|34th Lieutenant Governor of Pennsylvania|
|Assumed office |
January 15, 2019
|Preceded by||Mike Stack|
|Mayor of Braddock|
January 5, 2005 – January 8, 2019
|Preceded by||Pauline Abdullah|
|Succeeded by||Chardaé Jones|
|Born||John Karl Fetterman|
August 15, 1969
West Reading, Pennsylvania, U.S.
|Education||Albright College (BA)|
University of Connecticut (MBA)
Harvard University (MPP)
John Karl Fetterman (born August 15, 1969) is an American politician serving as the 34th Lieutenant Governor of Pennsylvania since 2019. A member of the Democratic Party, he previously served as Mayor of Braddock from 2005 to 2019.
Fetterman was born in 1969 at Reading Hospital in West Reading, Pennsylvania, to Karl and Susan Fetterman. Fetterman has described his parents as having started out "extremely poor", with both being teenagers at the time of John's birth. They eventually moved to York, Pennsylvania, where John grew up and his father achieved success as an insurance business owner.
Fetterman has described his upbringing as middle class and "privileged," saying he "sleepwalked" through his young adulthood, avidly playing four years of football in college and intending to eventually take over as owner of his father's business. In 1991 Fetterman graduated from Albright College, also his father's alma mater, with a bachelor's degree in finance and was on his way to earning a Master of Business Administration (MBA) from the University of Connecticut. However, his life took a drastic change after his friend died in a car accident on his way to drive Fetterman from the gym.
Following his friend's death, Fetterman joined Big Brothers Big Sisters of America, pairing with an eight-year-old boy in New Haven, Connecticut, whose father had died from AIDS, and whose mother was battling the disease. During his time as a Big Brother, Fetterman says he became "preoccupied with the concept of the random lottery of birth," and promised the boy's mother he would continue to look out for her son. Afterwards, in 1995, Fetterman joined the recently founded AmeriCorps, and was sent to teach Pittsburgh students pursuing their GEDs. For two years Fetterman worked in Pittsburgh before attending Harvard University's Kennedy School of Government, graduating in 1999 with a Master of Public Policy.
Fetterman moved to Braddock in 2001 to serve with AmeriCorps, helping local youth who had left school to earn their GED. After living in Braddock for four years, attracted by what he called the town's "malignant beauty", Fetterman ran against the incumbent mayor in 2005 and won the primary by a single vote. As the part-time mayor, Fetterman earned $110.22 a month in 2007. His full-time job, directing the Out-Of-School-Youth program, paid around $30,000 annually. In addition to his work with the program, Fetterman established strong relationships with the 16- to 24-year-old population, helping many in finding employment, and working with them with issues involving family, social agencies, and police. He also founded the 501(c)(3), Braddock Redux.
Mayor of Braddock
Following his election, Fetterman initiated youth and art programs, created a community center, and tried to initiate development of the town's mostly ruined buildings and poor economy. With family money, Fetterman purchased the town's First Presbyterian Church before demolition for $50,000, living in the basement for several months. He later purchased an adjacent warehouse for $2,000, placed two shipping containers on the roof for "extra living space" and moved in. He has since purchased and renovated many additional houses and offered cheap, even free, rent. Fetterman has attracted many young artists to the town through cheap rent and starting various art exhibitions. The town's "renaissance" has attracted individuals from cities such as Chicago and Portland, Oregon, drawn by the potential for development and growth. Other programs include a two-acre organic urban farm, worked by teenagers of the Braddock Youth Project.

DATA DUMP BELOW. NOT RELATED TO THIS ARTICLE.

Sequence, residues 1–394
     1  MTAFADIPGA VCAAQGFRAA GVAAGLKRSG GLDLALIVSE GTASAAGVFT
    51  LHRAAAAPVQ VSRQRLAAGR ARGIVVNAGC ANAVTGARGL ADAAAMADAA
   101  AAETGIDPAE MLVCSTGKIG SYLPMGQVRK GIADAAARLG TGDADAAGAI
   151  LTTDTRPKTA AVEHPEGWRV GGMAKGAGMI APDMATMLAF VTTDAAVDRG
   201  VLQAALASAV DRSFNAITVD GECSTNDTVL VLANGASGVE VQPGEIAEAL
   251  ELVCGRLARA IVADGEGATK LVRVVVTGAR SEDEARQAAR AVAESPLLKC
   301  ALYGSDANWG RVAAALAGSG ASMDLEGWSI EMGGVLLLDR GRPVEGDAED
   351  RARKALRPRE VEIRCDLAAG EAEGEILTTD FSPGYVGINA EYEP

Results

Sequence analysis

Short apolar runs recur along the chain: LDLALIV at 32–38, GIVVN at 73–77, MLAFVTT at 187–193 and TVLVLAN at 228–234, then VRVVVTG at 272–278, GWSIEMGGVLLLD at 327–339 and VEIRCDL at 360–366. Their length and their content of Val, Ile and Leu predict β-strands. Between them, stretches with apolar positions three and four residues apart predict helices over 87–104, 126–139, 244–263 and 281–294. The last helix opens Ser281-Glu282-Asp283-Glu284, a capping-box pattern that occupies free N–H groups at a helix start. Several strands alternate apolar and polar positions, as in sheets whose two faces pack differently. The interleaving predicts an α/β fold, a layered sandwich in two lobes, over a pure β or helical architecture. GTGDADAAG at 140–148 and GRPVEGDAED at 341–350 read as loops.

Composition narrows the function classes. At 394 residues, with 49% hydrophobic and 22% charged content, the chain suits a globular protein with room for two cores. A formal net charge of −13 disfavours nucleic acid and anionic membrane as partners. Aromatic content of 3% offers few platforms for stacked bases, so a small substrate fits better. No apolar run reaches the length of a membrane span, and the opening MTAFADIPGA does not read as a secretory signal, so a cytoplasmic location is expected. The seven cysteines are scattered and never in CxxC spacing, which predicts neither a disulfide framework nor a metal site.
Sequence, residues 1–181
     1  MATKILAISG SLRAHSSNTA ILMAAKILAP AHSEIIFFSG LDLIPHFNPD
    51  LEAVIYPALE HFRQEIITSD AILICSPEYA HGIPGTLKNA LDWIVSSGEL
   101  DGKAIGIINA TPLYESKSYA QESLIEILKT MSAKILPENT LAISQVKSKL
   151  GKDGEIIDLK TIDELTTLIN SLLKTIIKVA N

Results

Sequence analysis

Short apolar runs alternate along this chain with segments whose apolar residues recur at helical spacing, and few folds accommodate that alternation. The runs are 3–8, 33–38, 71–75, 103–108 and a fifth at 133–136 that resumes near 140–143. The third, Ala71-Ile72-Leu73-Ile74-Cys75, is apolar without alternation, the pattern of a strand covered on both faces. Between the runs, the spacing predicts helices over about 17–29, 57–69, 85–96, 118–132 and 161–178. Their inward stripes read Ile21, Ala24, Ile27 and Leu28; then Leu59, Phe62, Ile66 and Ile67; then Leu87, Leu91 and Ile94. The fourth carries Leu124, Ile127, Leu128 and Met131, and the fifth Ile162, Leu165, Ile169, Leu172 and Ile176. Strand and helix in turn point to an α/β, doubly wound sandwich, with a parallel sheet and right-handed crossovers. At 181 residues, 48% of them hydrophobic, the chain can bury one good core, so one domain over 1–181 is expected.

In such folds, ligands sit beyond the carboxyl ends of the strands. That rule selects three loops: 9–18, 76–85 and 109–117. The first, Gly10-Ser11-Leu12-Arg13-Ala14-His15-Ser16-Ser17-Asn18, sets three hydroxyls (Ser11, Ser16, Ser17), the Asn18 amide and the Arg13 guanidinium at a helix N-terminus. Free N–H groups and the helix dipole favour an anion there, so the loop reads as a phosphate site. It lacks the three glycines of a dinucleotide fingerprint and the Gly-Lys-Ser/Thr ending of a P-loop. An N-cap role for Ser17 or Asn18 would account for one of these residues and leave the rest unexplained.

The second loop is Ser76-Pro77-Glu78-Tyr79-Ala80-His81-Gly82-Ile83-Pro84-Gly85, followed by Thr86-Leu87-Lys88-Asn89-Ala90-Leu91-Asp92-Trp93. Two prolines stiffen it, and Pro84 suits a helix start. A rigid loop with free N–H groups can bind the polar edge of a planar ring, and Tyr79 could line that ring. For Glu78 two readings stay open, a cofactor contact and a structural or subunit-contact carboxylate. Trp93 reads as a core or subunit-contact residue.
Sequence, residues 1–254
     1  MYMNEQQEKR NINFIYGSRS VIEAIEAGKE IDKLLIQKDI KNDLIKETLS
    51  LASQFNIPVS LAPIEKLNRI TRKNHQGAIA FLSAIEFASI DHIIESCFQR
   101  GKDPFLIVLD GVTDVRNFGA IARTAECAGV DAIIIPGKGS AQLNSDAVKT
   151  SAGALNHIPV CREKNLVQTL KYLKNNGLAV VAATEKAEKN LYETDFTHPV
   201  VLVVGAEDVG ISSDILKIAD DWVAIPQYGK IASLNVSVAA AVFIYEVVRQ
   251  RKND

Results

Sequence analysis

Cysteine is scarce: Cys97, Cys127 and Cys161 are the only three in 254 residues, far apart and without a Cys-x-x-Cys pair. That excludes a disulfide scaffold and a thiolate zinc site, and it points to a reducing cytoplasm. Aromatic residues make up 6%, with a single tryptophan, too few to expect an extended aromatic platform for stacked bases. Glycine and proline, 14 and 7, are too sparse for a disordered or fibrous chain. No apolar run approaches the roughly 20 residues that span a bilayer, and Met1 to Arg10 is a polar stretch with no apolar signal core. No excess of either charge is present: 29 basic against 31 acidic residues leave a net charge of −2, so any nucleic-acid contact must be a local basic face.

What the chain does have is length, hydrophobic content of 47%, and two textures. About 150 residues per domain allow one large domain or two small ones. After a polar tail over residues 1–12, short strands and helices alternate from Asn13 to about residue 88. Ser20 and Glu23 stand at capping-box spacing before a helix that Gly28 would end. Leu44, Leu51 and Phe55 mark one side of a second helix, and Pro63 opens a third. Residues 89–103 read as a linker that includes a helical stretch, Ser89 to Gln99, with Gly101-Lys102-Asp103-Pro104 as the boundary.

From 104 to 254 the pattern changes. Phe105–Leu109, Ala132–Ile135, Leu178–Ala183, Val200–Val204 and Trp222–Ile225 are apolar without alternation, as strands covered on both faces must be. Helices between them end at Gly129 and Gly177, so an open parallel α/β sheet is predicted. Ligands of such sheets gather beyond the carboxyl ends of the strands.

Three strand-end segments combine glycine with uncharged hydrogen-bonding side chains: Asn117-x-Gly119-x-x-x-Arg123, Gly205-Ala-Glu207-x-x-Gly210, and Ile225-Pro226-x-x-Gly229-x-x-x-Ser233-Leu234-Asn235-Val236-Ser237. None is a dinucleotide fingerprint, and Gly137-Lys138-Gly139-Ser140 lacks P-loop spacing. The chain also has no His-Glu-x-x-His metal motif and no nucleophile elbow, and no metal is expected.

Fetterman's commitment to the community of Braddock is shown with various tattoos. On his left arm are the numbers 15104 - Braddock's ZIP Code, and on the right, the dates of five murders that occurred in the town since he was elected mayor. As mayor, Fetterman drew international attention for trying to revitalize the economy in Braddock, with an article in The New York Times, an appearance on Comedy Central's The Colbert Report, as well as a Levi's jeans ad.
In order to help fund programs, Fetterman established relationships with local non-profit organizations, Allegheny County's economic development program, and county executive Dan Onorato. Opposition to Fetterman's activities while mayor came from borough council president Jesse Brown. In March 2009, Brown ordered the borough's code enforcement officer to cite Fetterman for an occupancy permit violation for a building owned by Fetterman's non-profit organization. Brown also asked the judge to move the hearing to before the May mayoral election so that the people could be aware of the situation. The judge later dismissed the complaint.
On November 29, 2010, Fetterman was arrested and immediately released after refusing to leave the property of the U.S. Steel Tower in Pittsburgh. Fetterman was protesting the University of Pittsburgh Medical Center controversial closure of Braddock Hospital, which was met with objections from the community.
In January 2013, while mayor, Fetterman came under fire for allegedly pointing a shotgun at an unarmed black man in Braddock. After hearing what he thought was gunfire, Fetterman got in his truck and pursued a jogger, Chris Miyares. The two dispute whether Fetterman did or did not aim the shotgun at his chest. Fetterman said he "believed [he] did the right thing". The incident was given renewed attention when Fetterman announced his campaign to replace retiring U.S. Senator Pat Toomey in 2022, with Miyares's race igniting questions over the possible discriminatory nature of the event. In response to an inquiry launched by The New York Times, Fetterman defended himself and claimed Miyares was running in the direction of an elementary school, and that he made the decision to approach him with the firearm due to the Sandy Hook Elementary School shooting occurring the month prior. Fetterman's campaign also claimed he did not know the jogger's race or gender at the time of the incident due to the dark clothing Miyares was wearing.
Lieutenant governor of Pennsylvania
In 2018, Fetterman ran to replace outgoing incumbent lieutenant governor of Pennsylvania, Democrat Mike Stack, following scandals which ended his tenure. Fetterman managed to win the open Democratic primary in a field of four other candidates, and ultimately won alongside incumbent governor of Pennsylvania, Tom Wolf, in that year's gubernatorial election.
In November 2020, Fetterman received national press coverage for saying Donald Trump was "no different than any other random internet troll" and that he "can sue a ham sandwich" in response to Trump threatening to file lawsuits in Pennsylvania alleging voter fraud in the 2020 presidential election.